The long awaited rematch between Anderson Silva and Chael Sonnen will go down this Saturday at UFC 148 from the MGM Grand Garden Arena in Las Vegas. The 6-fight main card is a pay-per-view offering but 5 free preliminary matches will precede them; 4 on the FX channel at 8:00 p.m. ET and the lone bout on Facebook to lead off the evening.
Gleison Tibau vs Habib Nurmagomedov
Riki Fukuda vs Constantinos Philippou
Fabricio Camoes vs Melvin Guillard
John Alessio vs Shane Roller
Yoislandy Izquierdo vs Rafaello Oliveira
Gleison Tibau (25-7) vs Habib Nurmagomedov (17-0)
Lightweight watchdog Gleison Tibau is a burly American Top Team rep with a BJJ black belt, improved boxing and considerable size and strength for the division. Though Tibau seems to have been locked in the mid-level of the weight class, he’s on a 3-fight roll (Kurt Pellegrino, Rafaello Oliveira, Rafael dos Anjos) and has won 7 of his last 9 with decision losses to Melvin Guillard (split) and Jim Miller (unanimous) accounting for his recent stumbles.
More UFC 148 Dissections
Silva vs. Sonnen | Griffin vs. Ortiz | Le vs. Cote
Kim vs. Maia | Mendes vs. McKenzie | Menjivar vs. Easton
Habib Numagomedov is a 2-time World Champion in Combat Sambo and only 23-years-old. He’s finished his last 9 opponents; a roll capped off by a 3rd-round rear-naked choke of Kamal Shalorus in his Octagon debut. Nurmagomedov laid out a commanding and impressive performance against Shalorus, unfolding long, corkscrew punches from a tight boxing stance and holding his own in scrambles and grappling encounters.
Continued in the full entry.
Nurmagomedov’s debut was surrounded with skepticism due to his past level of competition, yet the youngster performed well and exceeded expectations. Though Shalorus wasn’t his normal feisty self, Nurmagomedov was patient in unfavorable positions, showed off his well-rounded talent and kept chipping away with strikes to eventually turn the tide and notch the submission.
Tibau has a lot of things working well for him at this stage of his career: he’s heavily experienced with 32 fights (15 in the UFC) at age 28, he trains with a great camp, his striking power, crispness and defense have come a long way, he’s a monster for 155-pounds and doesn’t seem to be hindered by the cut and he’s added strong wrestling and clinch tactics to this submission grappling background.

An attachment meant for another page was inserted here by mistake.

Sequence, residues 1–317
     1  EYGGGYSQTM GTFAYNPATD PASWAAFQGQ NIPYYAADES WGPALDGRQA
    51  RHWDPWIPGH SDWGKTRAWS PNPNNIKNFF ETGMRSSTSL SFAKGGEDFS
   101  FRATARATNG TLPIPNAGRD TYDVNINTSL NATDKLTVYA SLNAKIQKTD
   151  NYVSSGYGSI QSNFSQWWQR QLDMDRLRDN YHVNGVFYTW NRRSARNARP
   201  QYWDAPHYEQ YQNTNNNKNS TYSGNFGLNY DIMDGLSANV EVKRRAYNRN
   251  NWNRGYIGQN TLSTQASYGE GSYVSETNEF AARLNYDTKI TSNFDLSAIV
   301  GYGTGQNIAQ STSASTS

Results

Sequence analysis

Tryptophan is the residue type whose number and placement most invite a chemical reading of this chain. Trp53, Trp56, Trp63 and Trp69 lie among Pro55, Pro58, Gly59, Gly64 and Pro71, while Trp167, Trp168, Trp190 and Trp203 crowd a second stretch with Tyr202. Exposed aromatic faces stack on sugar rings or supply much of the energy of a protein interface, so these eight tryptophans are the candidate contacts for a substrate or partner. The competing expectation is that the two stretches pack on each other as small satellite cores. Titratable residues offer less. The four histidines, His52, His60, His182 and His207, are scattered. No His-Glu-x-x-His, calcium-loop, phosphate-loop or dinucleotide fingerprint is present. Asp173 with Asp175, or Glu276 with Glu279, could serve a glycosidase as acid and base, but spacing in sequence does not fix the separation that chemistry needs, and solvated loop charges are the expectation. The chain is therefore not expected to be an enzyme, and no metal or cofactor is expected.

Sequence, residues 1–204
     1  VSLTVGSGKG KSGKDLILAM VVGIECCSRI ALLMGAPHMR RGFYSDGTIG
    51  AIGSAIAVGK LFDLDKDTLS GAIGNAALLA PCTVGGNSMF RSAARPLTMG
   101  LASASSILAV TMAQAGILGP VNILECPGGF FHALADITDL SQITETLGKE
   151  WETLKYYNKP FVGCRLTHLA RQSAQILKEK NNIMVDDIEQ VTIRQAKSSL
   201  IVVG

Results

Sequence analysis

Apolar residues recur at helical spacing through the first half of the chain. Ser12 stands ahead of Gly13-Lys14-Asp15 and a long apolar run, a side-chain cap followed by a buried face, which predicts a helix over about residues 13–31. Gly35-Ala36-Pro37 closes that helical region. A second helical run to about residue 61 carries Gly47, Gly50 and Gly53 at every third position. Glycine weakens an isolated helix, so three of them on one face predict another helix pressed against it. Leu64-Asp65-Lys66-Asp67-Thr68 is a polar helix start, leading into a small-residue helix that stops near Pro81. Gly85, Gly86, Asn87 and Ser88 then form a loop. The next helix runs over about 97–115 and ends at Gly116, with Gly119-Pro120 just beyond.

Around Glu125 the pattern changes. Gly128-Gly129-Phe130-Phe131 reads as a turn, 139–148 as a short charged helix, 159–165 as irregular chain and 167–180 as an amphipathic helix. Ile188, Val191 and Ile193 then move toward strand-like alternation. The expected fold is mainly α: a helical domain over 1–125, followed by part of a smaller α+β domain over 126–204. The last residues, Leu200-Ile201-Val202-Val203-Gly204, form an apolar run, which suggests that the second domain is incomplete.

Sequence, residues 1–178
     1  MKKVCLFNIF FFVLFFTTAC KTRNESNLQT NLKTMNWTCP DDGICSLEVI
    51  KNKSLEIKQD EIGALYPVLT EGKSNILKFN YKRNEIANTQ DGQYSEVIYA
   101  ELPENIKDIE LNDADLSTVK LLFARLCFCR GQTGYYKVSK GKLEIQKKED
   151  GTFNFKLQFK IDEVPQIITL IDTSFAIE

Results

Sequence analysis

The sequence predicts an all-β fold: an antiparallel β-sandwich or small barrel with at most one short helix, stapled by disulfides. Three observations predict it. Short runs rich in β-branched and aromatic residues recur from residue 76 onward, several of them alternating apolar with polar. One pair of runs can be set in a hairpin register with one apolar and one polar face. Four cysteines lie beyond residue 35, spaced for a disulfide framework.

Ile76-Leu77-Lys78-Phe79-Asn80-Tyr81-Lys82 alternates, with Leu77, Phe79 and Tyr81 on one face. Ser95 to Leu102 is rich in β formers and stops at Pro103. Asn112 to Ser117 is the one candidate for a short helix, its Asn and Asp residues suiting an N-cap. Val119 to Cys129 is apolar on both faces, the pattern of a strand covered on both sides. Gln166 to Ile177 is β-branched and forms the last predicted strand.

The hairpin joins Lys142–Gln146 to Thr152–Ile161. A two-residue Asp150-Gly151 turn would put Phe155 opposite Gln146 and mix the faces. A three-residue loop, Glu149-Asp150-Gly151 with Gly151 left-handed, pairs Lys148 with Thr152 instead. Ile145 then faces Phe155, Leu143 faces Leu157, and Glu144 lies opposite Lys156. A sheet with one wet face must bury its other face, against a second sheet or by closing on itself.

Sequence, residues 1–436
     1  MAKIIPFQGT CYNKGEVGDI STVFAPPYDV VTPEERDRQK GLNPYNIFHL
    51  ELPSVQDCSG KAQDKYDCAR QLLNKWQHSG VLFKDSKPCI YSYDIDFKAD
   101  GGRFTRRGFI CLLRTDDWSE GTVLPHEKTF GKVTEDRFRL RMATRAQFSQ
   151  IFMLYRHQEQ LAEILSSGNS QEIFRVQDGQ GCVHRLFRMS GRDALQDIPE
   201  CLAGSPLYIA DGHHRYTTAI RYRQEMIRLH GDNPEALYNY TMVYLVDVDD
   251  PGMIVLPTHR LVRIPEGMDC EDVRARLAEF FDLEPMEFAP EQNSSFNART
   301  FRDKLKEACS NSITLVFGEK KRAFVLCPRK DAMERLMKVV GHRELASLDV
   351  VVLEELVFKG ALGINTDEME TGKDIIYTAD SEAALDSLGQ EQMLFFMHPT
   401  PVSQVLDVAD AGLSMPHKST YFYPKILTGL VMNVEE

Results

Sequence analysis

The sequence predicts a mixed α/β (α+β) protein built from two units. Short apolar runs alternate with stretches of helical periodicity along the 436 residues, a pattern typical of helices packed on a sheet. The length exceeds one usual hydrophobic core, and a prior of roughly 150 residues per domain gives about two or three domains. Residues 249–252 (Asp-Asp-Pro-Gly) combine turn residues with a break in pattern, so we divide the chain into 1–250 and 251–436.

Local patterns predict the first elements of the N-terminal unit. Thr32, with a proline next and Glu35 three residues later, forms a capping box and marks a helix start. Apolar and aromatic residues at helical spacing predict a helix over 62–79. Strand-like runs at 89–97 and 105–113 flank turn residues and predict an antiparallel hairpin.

There’s no question that Nurmagomedov is for real, but beating Tibau would launch him into legit contender status and I’m not sure he’s capable of such a leap. Tibau is a beefier version of Shalorus, yet he’s more calculating and diverse, and I expect him to keep the same pressure on Nurmagomedov that Shalorus did early, but without slowing in output late in the fight.
My Prediction: Gleison Tibau by decision.
Riki Fukuda (18-5) vs Constantinos Philippou (10-2)
After incurring a split-decision loss to Ricardo Romero in his MMA debut, Costa Philippou’s only defeat is a decision to Nick Catone in his UFC premiere. The former professional boxer has rounded out his striking background with burly takedown defense and wrestling while capitalizing on his active footwork and movement to bolster his offense and defense. Philippou’s top-level boxing acumen, accuracy, crunching power and willingness to head-hunt have made him a frightening new prospect in the middleweight division.
Riki Fukuda is the former DEEP champion and a decorated wrestler on the Japanese circuit. The Team Grabaka rep lost his Octagon debut at UFC 127 against Nick Ring in one of 2011’s most contentious decisions, but rebounded with a decision nod over Steve Cantwell at UFC 144. Fukuda has serviceable striking but his bread and butter is his wrestling, which he employs through explosive, duck-under takedowns, smothering top control and exceptional submission defense.
This shakes out as a striker vs. grappler affair — Philippou has become a killer on the feet and Fukuda’s double legs are fundamentally sound and difficult to fend off. Philippou and Fukuda have under-rated timing and footwork, which will be crucial in determining who can keep the fight in their preferred location. Both have excellent timing but Philippou’s footwork and overall cage motion is a little better, which might compensate for the wrestler’s advantage, who only has to succeed once to ground the fight whereas the striker has to be consistently vigilant to stay upright.
They each pose Kryptonite styles to one another: Fukuda can mirror the takedown-heavy approach that Catone used to defeat Philippou and Philippou can probably exceed the stubborn sprawl-and-brawl performance that Ring edged Fukuda with. This match could easily go either way but Philippou has been razor sharp lately; his defensive grappling and scrambling have complemented his devastating boxing well and I see him inflicting more damage and memorable offense than Fukuda.